Why I Loved Being in Zap!

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Why I Loved Being in Zap!

Miles Showalter

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Hello again. I was just in a magical play called Zap!. It took place at Carbondale Community High School and was held on the 1st 2nd and 3rd of November. Zap was a comedic farce of several theatrical genres, some set in New York, Russia and Britain, the one I was in. Being in the play was something that I was initially nervous about because not only did my Teacher asked me out of nowhere, but I had never been in a play before. I had no idea of line memorization; I was nervous about costumes and the way that they were going to direct it. and the fact that the script seemed large when I first looked at it.

Image previewAfter I did the play, I felt excited. I felt excited at the fact that it was great but also because I got to meet new people and have new experiences. But out of all my experiences, the people that I met were my favorite part of the play. They always treated me right and not once did they yell at me. When I got on stage with the other actors, I tried my best to contain my laughter at some of the characters, but the one that broke me was Michael as Inspector Swift, a character in the British play. I break when he says his first line “The same toast apparently drunk by the witnesses on my last murder case!”. He was this detective character who had a very loud, positive attitude to him. Almost every time that he said that I couldn’t stifle the urge to smile or laugh, and my parents pointed that out when I exited. The other experience I had was that someone threw a prop and shattered a glass backstage during a black-out on Sunday. We were shocked because someone broke a glass on Saturday except Saturday, it happened onstage and someone apparently misplaced the glass.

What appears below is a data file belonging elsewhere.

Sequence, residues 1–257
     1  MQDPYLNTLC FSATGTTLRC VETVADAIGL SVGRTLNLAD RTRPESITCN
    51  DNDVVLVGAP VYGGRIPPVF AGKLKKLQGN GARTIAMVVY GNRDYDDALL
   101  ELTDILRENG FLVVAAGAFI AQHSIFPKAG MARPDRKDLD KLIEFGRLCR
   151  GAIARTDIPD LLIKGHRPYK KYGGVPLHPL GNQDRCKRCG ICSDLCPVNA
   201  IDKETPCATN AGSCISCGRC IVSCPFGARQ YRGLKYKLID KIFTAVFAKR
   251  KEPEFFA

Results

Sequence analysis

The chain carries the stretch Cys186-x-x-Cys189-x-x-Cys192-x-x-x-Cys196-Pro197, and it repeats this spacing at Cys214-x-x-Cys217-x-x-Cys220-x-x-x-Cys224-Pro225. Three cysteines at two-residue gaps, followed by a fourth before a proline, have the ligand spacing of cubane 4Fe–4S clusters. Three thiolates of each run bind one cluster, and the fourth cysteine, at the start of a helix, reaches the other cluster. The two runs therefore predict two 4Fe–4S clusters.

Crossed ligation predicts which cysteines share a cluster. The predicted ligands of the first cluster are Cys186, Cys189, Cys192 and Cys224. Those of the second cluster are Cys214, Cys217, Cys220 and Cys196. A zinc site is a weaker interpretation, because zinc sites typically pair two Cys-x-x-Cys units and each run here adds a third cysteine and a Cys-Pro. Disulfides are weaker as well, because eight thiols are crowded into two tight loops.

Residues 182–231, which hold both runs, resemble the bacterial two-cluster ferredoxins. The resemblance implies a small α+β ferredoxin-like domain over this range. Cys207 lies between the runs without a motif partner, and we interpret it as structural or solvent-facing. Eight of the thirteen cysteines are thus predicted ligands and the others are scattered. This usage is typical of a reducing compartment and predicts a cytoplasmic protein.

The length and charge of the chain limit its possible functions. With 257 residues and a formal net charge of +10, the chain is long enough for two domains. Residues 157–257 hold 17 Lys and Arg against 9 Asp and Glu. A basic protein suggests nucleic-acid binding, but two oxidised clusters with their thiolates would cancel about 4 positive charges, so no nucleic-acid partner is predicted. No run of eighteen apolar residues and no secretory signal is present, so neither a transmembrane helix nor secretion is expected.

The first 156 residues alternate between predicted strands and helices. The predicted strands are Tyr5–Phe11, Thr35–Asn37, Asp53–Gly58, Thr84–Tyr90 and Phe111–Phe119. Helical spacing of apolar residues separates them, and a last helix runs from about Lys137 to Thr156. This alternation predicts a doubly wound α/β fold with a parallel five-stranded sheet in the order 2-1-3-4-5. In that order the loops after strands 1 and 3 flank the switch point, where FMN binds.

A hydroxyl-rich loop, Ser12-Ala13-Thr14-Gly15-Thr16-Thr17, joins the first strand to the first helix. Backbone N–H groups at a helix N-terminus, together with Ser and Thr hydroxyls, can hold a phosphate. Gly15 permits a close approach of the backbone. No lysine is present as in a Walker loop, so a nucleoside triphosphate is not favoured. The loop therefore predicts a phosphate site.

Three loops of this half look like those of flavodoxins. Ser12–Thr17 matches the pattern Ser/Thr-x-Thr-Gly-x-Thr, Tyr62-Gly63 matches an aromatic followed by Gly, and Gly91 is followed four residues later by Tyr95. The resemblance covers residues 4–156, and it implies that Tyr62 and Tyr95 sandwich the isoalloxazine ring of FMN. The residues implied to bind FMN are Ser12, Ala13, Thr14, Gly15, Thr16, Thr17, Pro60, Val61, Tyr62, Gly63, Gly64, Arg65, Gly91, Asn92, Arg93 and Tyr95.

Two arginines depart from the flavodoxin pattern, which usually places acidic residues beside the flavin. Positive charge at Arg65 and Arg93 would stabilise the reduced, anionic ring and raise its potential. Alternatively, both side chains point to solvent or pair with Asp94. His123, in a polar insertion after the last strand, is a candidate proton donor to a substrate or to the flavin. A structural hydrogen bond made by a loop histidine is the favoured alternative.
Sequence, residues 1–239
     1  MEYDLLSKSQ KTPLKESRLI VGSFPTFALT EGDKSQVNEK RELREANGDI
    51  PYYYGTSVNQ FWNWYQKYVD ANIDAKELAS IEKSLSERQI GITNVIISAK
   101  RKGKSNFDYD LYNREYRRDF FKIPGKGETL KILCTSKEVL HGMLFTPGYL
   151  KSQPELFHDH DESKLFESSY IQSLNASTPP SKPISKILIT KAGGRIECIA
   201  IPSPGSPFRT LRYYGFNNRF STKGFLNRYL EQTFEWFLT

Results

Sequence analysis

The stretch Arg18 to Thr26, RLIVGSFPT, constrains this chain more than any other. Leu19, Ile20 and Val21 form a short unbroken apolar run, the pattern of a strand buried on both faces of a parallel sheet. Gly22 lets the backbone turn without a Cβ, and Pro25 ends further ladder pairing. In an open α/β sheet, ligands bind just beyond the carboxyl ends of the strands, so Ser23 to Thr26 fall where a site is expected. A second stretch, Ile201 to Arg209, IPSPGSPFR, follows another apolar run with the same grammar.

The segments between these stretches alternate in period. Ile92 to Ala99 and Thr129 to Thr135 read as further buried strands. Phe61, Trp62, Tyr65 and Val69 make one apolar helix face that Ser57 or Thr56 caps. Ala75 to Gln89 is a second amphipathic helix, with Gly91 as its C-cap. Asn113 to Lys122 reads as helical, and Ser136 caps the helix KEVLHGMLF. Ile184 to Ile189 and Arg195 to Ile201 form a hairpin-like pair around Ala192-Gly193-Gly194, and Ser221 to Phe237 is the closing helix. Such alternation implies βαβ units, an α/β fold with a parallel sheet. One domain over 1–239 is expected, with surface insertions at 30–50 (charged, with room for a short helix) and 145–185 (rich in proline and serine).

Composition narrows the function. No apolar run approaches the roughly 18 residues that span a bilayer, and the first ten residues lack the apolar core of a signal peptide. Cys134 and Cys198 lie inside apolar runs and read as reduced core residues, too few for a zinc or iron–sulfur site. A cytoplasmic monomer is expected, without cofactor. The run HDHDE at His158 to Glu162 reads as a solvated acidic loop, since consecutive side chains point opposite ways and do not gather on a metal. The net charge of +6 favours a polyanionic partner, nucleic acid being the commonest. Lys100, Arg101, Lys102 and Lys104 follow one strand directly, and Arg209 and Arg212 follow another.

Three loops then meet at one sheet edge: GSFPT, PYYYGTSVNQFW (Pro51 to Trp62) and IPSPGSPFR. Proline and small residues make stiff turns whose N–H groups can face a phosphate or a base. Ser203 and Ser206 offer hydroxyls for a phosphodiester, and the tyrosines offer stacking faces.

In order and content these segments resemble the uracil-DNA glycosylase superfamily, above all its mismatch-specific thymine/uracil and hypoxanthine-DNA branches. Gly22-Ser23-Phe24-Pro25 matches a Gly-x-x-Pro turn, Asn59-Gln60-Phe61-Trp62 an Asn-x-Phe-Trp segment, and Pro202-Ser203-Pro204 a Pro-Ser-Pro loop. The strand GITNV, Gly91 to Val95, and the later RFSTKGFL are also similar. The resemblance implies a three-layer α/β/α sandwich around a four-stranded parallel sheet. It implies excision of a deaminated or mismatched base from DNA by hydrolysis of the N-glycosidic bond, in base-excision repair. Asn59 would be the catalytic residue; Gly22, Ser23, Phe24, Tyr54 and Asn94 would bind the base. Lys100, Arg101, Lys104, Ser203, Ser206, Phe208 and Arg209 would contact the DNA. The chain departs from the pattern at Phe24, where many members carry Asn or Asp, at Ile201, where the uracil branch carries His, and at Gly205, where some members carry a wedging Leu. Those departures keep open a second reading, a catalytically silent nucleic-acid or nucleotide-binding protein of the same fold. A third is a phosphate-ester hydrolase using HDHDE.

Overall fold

Image previewMy other big experience was with costume. I loved this experience but I also hated it. It took me a while to get the costume on because there was a vest and a shirt and pants, and that wasn’t even the hardest part. The hardest part was that every time I had to then brush my hair back, then get it sprayed AND gelled. That might not sound annoying but deep down, it was. It had a tight feeling on me as well, so that wasn’t fun. But if it makes me look nice… then it is a win-win.

The easiest part for me other than the people was the actual play. When you study for the lines and practice them as often as we at Zap! did, you lose a bit of nervousness. When the curtains opened and I was standing in the background, I was still a little nervous, especially when it was my turn. Then on Saturday and Sunday, I killed it. I practically didn’t shake, I knew my cues and best of all… I got the accent. I took selfies with friends and shook hands with the adults. It was sweet.

There were many things that I learned while doing the school play. I learned to work with others on things like lines, pay attention to things like character queues and when to enter a scene. But the one thing I learned was how to act.

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